A restructuring throughout Macmillan USA eliminates 64 positions from throughout the company’s imprints and divisions (including cuts at their college business, central services for the whole company, and Scientific American magazine), representing about four percent of staff in all.
CEO John Sargent writes in the memo, “Going forward we are tightening our belts in response to the current recession, but we are also reorganizing and rethinking our business to position ourselves for the long term.” He tells the NYT, “Book sales are markedly slower this Christmas than they were last Christmas. This is a recognition of the times that we are in this Christmas and the times that we will be in at least through the first half of next year.” Earlier this month he had written to employees, “We are now clearly in a recession and there is still no clarity on how long or deep it will be. What is clear is that retail book sales are down, advertising revenues are down, and even countercyclical businesses like education are struggling in many cases. We are not immune to these forces, and our business continues to be soft. So the time has come to take action for next year.”
Sargent tells us that while results vary depending on the account, “big nonfiction and fiction has been difficult” this season, while it “appears at least so far that children’s books are holding up pretty well through this Christmas.” Their “backlist has been pretty solid; it’s down but not very much.”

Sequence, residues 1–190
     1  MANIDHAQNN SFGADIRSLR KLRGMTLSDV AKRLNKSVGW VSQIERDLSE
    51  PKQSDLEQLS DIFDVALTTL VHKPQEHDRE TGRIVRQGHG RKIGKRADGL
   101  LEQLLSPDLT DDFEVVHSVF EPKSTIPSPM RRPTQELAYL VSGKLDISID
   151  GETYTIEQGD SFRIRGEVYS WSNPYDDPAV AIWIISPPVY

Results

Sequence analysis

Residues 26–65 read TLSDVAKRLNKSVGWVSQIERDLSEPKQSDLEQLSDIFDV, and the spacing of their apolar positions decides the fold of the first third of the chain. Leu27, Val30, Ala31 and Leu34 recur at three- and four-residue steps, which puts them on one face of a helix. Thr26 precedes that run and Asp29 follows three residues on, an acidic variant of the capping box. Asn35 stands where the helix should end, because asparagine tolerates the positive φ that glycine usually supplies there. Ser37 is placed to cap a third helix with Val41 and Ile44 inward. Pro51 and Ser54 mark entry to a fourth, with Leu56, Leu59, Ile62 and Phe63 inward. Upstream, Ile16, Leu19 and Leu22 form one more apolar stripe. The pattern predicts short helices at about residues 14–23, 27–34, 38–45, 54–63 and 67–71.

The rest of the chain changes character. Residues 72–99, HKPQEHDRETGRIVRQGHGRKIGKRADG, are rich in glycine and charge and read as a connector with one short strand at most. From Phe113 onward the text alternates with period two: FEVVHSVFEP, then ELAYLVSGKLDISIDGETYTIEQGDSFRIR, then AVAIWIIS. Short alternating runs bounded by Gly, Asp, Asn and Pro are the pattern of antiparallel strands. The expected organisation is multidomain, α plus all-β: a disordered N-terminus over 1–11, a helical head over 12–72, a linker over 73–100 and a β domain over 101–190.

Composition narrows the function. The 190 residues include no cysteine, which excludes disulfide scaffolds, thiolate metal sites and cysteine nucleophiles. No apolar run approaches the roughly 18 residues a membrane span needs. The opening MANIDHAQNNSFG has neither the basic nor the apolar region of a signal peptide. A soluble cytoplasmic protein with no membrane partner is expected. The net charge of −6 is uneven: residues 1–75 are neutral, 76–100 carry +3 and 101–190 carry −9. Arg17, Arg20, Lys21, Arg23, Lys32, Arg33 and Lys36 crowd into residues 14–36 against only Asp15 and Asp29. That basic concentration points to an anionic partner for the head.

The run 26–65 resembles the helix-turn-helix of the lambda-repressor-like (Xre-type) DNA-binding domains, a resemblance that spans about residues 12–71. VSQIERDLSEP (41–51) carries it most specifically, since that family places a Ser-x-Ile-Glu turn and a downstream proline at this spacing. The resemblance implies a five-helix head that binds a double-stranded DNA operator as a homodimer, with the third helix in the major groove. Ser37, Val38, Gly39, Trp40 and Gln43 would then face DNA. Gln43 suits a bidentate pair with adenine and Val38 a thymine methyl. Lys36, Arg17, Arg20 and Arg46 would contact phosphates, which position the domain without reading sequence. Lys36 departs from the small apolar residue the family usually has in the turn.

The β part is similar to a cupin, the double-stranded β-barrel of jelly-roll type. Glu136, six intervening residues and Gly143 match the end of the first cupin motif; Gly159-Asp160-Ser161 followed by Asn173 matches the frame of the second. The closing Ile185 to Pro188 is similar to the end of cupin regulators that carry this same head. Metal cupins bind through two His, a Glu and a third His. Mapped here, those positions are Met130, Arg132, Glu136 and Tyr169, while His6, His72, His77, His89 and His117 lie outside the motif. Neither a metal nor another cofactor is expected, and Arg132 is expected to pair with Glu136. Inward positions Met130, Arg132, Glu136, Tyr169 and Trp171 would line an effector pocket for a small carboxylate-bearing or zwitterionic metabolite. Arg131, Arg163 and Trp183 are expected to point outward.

A consolidation of the company’s many children’s lines into a single Macmillan Children’s division was the other focus of today’s announcement, though Sargent says “we’ve been working for quite some time on what is the best approach to move us forward in the marketplace.” With a variety of a acquisitions and start-ups, “when you roll up our children’s business now, it’s a lot bigger than it was operating as disparate individual companies.” Henry Holt head Dan Farley will oversee the new Macmillan Children’s Group as well, with group svp Jean Feiwel running Feiwel and Friends, Square Fish, Priddy Books and Holt Children’s, and svp Simon Boughton running Farrar, Straus Children’s, Roaring Brook Press, and First Second. A head of marketing for the combined group is still to be named.
In another consolidation, the company is combining individual production departments into a single group, and consolidating business management personnel into one unit as well (except at Farrar, Straus, which will keep its own business management personnel.) Steve Cohen, who was running business management for SMP, Tor and a portion of the children’s business will oversee the expanded department.
The AP adds that “other changes include the increased use of digital technology and reducing Macmillan’s presence at BookExpo America.” Speaking of the convention, Sargent tells the AP, “I think it makes more sense to funnel our marketing dollars elsewhere.”